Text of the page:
What to do instead of nationalising Northern Rock

It appears that the government is flirting with nationalisation because it is having trouble persuading the shareholders of Northern Rock to see things its way. It is a very cumbersome and potentially very expensive device to try to get shareholders to do as the government wishes, when the government has a much easier way of doing it.

The government still does seem to have grasped how powerful its position is as Northern Rocks bank manager. It stepped into this role, and is now committed massively to it. As of today it is clearly the only bank manager Northern Rock has that is prepared to extend the huge sums needed for the bank to be able to carry on trading.

As bank manager the government needs to assert itself in the following ways:

1. Set out how much asset cover it wants for any additional lending ?? and make sure it has taken enough asset cover for the loans so far.
2. Set out how much money it expects Northern Rock to repay on specified repayment days.
3. Establish targets for cash generation and profit in the underlying business with management, and make them report variances with explanations of action to be taken to get back on target.
4. Establish the usual banking covenants that Northern Rock has to hit to keep its facility

I read that the shareholders are not happy about selling assets. There should be no argument about this. The government/Bank of England should tell them what repayments they expect. Northern Rock then has four ways of making those repayments:

1. Sale of whole business to an owner that can meet the repayments
2. Refinancing of Northern Rock in the private market to repay the state borrowings
3. Cash generation from the business
4. Sale of assets

The government should just insist on the repayments. It is up to the shareholders and management of Northern Rock to do the hard work and decide how they can meet the need for such repayments. If selling assets is the only option ?? as it appears to be at the moment ?? then they must do that. The government does not need to dictate how Northern Rock refinances itself ?? just has to insist on the taxpayers getting their money back in sensible tranches over a realistic time scale.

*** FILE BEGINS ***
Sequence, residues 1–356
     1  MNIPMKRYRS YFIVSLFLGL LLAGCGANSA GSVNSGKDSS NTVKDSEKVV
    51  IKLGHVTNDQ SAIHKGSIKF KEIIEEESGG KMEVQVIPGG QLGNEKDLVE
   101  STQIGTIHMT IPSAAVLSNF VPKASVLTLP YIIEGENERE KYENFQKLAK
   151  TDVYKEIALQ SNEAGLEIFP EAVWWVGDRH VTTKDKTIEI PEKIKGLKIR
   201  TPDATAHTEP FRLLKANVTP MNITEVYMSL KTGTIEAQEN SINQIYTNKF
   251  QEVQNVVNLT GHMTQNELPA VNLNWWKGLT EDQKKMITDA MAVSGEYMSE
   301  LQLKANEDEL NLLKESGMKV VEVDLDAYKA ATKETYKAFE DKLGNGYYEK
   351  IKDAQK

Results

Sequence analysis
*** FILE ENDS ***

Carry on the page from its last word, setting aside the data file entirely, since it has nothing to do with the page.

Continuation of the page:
As I stated on this blog before, the taxpayer should also be rewarded for making these huge loans that no commercial business would make in the event of Northern Rock recovering well. That can be done by the government taking options to buy shares at the current price at any time over, say, the next five years. This should also be a condition of continuing the lending to the company. Should it then do well the government can buy the taxpayer shares at a favourable price and sell them on to make a profit as a reward for carrying so much risk for so long. I read that this idea is now being taken seriously by the advisers.

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5 Comments

  1. mikestallard
    Posted January 13, 2008 at 8:26 am | Permalink

    Gordon Brown has made it totally clear that he knows very little about banking. The Chancellor is, I understand, a lawyer, isn't he?
    A lot of this is being driven by the EU from Brussels through the FSA. then, aren't there a lot of ancient Labour types (like the Beast of Bolsover) who need to be kept on side in this matter which affects their voters?
    This group of people does not bode well for the future of Northern Rock and, I imagine, aren't going to listen to common sense, which you are (as ever!) providing by the day.